But this book has a lot of long sections that drag. The writing and world feel like adult fantasy, but this is definitely a YA book, because we have some almost-insta-love, enemies to lovers, and teenage angst. 

I think the parts that just felt okay to me were the constant backs and forths. This is basically an enemies to lovers, and then lovers to enemies, and then back to enemies to lovers book. There was a lot of miscommunication, which I’m starting to dread in romance-heavy books. And to think it was the miscommunication plotlines, as well as all the extraneous worldbuilding details, that bogged down the story. 

That being said, I enjoyed it as a whole, and I’m hoping I’ll like the second one even more! 

VERDICT: ⭐⭐⭐/5 

Vow of Thieves:

What a sequel! This book makes up for the slow plot in Dance of Thieves. While the book is still long, there’s so much more action. The stakes are super high. Kazi and Jase are separated for the majority of the book, which adds to the longing and stakes of the book.

I enjoyed getting to know all of the side characters more.

There are a couple aspects that kept this from being a 5-star read, however. While I liked that Kazi and Jase were separated, as I think it helped with character growth, I think it went on just a little too long. I waited like 300 pages just for them to be together again, and considering the first book was mostly insta-love, I didn’t really get to see them grow together as a couple. 

On top of that, there was one “plot twist” that kept being hinted at, but it was very obvious from the get-go what it was. And it also dragged on for almost 300 pages. 

Despite that, I flew through this book, and overall, I enjoyed it!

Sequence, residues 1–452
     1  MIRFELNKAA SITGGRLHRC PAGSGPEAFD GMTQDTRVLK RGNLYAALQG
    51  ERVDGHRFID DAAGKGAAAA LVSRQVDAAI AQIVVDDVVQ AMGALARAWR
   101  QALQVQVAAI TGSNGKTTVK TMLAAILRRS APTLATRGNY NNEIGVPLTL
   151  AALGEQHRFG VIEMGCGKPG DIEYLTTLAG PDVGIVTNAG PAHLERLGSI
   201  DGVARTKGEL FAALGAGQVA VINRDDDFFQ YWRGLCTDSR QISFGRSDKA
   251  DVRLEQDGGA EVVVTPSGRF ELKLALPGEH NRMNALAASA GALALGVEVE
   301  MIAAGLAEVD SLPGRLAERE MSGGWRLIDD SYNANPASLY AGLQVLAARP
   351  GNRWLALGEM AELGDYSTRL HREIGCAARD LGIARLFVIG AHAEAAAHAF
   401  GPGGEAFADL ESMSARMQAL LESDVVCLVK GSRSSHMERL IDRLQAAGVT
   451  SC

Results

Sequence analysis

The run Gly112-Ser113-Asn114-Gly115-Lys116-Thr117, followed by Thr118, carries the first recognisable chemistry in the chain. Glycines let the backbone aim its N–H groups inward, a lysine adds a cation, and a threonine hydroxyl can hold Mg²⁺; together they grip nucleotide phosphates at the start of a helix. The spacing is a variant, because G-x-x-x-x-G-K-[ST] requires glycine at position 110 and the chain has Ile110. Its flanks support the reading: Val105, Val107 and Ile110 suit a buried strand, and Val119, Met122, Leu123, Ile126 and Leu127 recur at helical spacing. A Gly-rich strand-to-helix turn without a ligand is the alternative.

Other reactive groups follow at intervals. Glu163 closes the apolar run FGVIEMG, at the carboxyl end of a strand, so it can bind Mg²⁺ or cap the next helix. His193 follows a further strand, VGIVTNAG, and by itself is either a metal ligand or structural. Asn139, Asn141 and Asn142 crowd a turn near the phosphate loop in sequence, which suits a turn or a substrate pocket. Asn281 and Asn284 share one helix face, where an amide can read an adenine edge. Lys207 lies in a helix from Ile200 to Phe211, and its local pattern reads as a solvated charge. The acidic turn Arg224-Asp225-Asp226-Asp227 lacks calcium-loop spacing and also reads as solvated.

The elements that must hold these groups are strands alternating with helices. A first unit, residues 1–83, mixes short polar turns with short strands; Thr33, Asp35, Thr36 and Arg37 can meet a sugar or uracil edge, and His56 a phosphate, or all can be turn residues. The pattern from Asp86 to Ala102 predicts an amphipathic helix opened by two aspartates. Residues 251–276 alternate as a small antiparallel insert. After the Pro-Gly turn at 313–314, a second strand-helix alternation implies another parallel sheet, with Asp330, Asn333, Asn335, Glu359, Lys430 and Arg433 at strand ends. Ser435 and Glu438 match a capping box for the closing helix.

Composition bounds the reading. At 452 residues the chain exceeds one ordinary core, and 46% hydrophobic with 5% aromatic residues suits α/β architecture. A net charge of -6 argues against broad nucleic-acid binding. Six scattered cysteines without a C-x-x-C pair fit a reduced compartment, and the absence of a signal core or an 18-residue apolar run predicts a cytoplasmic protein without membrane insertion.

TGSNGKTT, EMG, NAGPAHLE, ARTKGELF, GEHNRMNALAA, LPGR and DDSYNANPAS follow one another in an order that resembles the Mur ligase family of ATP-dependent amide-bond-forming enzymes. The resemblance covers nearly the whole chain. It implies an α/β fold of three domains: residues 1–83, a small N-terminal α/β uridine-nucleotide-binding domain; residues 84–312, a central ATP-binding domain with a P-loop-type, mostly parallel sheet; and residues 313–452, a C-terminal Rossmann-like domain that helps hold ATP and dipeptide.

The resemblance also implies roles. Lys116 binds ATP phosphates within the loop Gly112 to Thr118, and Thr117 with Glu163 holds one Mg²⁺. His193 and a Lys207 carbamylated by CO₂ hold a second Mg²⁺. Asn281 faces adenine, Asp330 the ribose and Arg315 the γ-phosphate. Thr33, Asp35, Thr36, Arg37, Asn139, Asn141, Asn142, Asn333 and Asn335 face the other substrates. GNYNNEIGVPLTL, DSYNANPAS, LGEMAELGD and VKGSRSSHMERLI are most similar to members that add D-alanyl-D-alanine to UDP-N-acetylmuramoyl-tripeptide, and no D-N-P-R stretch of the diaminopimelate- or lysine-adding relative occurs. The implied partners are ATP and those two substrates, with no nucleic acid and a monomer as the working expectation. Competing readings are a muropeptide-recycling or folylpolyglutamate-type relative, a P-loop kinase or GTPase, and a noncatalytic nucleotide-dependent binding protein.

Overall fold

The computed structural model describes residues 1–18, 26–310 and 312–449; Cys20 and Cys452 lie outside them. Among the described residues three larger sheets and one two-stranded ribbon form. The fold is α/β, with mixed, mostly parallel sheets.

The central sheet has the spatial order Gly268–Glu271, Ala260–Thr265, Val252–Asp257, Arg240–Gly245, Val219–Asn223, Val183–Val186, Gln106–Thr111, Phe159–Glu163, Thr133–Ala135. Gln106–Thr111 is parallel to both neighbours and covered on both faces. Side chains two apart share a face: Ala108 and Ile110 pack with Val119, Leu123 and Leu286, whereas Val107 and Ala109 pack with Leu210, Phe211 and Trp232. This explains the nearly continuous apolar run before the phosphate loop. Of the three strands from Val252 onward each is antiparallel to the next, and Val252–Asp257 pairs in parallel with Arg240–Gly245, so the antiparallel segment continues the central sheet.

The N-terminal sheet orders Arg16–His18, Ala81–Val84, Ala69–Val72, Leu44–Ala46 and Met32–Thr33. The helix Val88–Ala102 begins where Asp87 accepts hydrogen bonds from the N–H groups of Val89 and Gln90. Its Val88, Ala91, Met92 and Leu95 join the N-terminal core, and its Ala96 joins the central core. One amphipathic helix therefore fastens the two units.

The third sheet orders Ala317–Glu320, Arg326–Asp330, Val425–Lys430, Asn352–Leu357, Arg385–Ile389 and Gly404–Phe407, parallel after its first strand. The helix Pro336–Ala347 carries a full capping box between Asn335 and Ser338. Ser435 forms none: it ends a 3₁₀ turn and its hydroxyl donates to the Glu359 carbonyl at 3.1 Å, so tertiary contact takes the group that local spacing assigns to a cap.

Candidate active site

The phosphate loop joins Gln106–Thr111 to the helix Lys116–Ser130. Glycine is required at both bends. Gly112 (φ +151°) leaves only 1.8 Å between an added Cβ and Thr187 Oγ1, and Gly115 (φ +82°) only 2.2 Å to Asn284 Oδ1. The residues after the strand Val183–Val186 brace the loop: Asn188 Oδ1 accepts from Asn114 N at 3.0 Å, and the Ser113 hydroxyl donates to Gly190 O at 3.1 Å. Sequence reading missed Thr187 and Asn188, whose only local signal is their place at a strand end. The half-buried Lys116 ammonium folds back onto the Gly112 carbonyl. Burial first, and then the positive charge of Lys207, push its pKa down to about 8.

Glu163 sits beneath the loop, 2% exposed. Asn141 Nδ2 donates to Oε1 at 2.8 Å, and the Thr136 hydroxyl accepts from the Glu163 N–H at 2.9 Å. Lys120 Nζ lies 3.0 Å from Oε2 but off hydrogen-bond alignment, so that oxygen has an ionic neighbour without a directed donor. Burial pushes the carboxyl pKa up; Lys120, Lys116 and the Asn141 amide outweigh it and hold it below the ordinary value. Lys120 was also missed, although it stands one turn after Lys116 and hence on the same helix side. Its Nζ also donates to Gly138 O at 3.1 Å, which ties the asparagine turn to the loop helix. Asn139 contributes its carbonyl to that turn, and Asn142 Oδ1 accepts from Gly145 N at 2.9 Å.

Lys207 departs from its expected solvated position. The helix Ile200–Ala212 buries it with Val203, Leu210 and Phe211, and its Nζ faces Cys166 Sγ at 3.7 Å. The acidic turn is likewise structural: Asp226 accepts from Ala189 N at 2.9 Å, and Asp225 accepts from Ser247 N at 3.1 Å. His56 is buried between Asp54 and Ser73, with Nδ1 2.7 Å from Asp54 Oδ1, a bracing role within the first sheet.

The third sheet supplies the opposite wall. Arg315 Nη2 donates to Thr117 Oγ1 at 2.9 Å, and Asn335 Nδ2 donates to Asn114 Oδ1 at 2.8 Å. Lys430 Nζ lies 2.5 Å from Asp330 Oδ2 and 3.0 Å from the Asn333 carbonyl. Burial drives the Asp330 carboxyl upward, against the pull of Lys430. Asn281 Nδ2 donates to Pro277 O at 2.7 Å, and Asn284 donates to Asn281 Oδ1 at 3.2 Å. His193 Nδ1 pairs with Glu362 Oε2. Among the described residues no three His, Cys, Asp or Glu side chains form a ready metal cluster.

VERDICT: ⭐⭐⭐⭐/5

Review: For the Wolf by Hannah Whitten

A library copy of For the Wolf sits on a deck flanked by a sunflower and a Sweater Weather candle, along with some fall leaves.

Alexis:

For the Wolf has a lot in common with Lakesedge:

✔️A self-sacrificing man who is seen as a monster to the outside world, but who is only trying to control the environment around him—the environment that is also a part of him

✔️ A run-down estate/castle surrounded by dark, creepy woods

✔️ A slow-paced story of a strong woman attempting to learn how to control her magic

Which of course means that I loved it! I’m always, always a sucker for an atmospheric read with lyrical writing and creepy woods. And this book has so many depictions of dark woods come alive with earthy magic.

Although For the Wolf is being marketed as YA fantasy for some reason, I would describe it as a new adult, romantic fantasy, as Red, the main character, and her twin sister, Neve, are twenty-years-old. 

Red is the Second Daughter of the Queen of Valleydan, which means that she must be sacrificed to the Wolf of the Wilderwood. She’s been told all her life that the Wolf is a monster who is keeping the world’s captured gods from returning. But when she finally meets the Wolf, a man named Eammon, she realizes that what she’s been told is a lie. Meanwhile, stuck as the Princess, Neve, the First Daughter, is doing everything in her power to get Red back from the Wolf, even if it means upending her own world.

As much as I loved this book, I will admit some flaws I noticed while I was reading. While Lakesedge’s magic and worldbuilding is clear, For the Wolf’s worldbuilding is a little hazy. I enjoy slow-paced books, but a lot of answers about the magic system came a little late. We also get short chapters, called Interludes, from Neve’s perspective. And I’ll be honest: I wasn’t really interested in her chapters. However, based on the ending, I think her POV will work well in the sequel. 

While the romance is very similar to that in Lakesedge, I do think it was more fleshed-out and better written in For the Wolf. 

All in all, if you liked similar books, such as Uprooted and The Wolf and the Woodsman, then you might enjoy this one, too!

VERDICT: ⭐⭐⭐⭐⭐

TW: Self harm for magic use (cutting), blood and mild gore, parental death, religious abuse 

Review: Ariadne by Jennifer Saint